Selecting an Addiction Rehabilitation Program
An important consideration must be the time one needs in a rehabilitation facility. Most rehab facilities operate on a 30, 45, 60, or 90 day cycle, after which recovering addicts are either sent home with the tools they’ve gained in treatment, or they can re-enroll and go through the program again. A select few rehabilitation programs are open-ended, with no time constraints, giving each person whatever time is necessary for healing and a more stable return home. The various length options of addiction rehab are a vital consideration, especially for those who may need more than a set period of time allows for healing. Another key aspect to finding the right addiction rehabilitation program is in the aftercare phase of treatment. Returning home from treatment is among the most uncertain and unstable of times for many newly recovered addicts. This is a time when he or she will be confronted with a myriad of triggers, and reminders of addictive behaviors, places, people, and things. Upon returning home, an addict must be able to utilize the tools he or she learned in treatment to avoid and reject the influences that serve as triggers for relapse, and unfortunately for many, these triggers are everywhere. For example, if the underlying issue with an addict is a member of his or her family, then the very presence or thought of that person can be enough to derail the progress made in treatment if a strong foundation for sobriety has not been established. Many other potential triggers like past friends with whom the individual used drugs and/or alcohol, places associated with addiction, routines surrounding addictive behaviors, and stressful situations inherent with life in general can be all that is necessary for a recovering addict to relapse.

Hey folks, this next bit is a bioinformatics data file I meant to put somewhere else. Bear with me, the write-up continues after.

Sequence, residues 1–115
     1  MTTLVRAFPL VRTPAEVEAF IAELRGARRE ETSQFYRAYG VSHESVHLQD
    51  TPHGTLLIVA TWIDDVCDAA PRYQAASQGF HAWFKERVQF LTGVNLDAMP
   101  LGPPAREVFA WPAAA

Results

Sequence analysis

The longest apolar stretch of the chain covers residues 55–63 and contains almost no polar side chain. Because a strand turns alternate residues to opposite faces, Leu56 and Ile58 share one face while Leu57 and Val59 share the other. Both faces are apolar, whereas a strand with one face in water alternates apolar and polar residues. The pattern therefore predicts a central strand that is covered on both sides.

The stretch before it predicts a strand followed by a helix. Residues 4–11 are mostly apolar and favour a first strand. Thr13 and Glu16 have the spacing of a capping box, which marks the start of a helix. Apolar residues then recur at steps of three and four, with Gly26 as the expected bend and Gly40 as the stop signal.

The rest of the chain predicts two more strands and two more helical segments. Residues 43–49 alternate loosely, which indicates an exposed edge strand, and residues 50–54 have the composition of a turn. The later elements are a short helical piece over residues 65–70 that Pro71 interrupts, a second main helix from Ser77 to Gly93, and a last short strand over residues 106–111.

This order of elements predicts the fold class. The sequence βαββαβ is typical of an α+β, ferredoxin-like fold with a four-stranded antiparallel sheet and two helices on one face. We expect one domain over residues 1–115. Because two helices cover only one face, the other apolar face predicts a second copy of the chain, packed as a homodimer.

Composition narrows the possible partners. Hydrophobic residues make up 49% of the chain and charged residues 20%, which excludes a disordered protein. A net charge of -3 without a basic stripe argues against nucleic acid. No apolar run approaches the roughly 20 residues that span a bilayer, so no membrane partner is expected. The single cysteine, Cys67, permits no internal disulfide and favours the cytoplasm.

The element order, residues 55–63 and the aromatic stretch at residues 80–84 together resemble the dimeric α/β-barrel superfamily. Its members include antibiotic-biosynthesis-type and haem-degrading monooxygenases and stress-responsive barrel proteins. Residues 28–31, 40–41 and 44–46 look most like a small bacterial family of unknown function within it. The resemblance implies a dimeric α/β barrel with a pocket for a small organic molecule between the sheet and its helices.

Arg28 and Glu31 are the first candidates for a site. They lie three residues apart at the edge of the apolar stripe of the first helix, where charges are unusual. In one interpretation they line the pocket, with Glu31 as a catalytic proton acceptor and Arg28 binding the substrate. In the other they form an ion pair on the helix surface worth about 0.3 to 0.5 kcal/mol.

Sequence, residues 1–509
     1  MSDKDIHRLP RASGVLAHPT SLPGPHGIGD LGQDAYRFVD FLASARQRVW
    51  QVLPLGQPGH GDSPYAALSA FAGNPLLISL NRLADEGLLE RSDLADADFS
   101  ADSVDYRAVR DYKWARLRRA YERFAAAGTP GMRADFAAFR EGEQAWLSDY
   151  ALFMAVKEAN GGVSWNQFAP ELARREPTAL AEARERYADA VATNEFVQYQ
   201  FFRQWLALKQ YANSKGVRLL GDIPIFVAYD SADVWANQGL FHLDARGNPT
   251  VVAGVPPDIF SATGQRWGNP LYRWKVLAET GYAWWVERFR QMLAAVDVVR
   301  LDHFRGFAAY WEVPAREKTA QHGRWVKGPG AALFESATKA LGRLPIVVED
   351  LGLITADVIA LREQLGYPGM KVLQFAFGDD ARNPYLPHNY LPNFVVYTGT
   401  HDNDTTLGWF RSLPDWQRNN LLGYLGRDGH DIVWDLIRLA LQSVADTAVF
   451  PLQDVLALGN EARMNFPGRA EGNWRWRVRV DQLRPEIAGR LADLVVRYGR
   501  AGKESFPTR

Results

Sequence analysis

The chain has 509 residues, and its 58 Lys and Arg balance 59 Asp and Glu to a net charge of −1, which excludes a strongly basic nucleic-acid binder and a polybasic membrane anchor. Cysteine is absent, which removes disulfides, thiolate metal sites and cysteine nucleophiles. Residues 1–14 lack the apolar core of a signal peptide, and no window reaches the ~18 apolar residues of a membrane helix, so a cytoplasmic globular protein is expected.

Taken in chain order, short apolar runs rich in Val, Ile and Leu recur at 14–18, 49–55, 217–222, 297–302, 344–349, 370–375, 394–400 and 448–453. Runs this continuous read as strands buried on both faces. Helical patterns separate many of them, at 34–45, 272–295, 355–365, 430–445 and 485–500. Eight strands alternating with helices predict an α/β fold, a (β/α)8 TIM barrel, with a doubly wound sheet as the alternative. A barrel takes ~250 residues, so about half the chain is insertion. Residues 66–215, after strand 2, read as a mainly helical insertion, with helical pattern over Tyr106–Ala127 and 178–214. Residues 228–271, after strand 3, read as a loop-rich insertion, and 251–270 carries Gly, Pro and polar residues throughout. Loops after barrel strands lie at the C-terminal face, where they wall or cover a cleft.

Addiction rehabilitation is specifically tailored to treat addicts, and depending on where one turns to get help for his or her addiction, rehabilitation can result in everlasting sobriety and happiness, or a road leading right back to relapse and continued addiction. Sorting through the plethora of choices available can be daunting, but it is among the most important tasks on an addict’s road to recovery. So, what is the best choice for addiction rehabilitation for yourself or your loved one? The answer lies in the addict, his or her personal issues, preferences, and belief system. Understanding why addiction rehabilitation is necessary provides a great deal of perspective regarding what kind of treatment program is best for any given addict to achieve recovery. If you or a loved one is suffering from drug or alcohol addiction, call us now to talk with a trained counselor about the various treatment options available, and which of them is best, based on individual needs, preferences, and beliefs. We understand how devastating and confusing addiction is, and we are here to help make sense of it, and provide solutions to overcome all aspects of it. There is a way out of addiction, and we can help guide you to find the right path for your needs. Call now!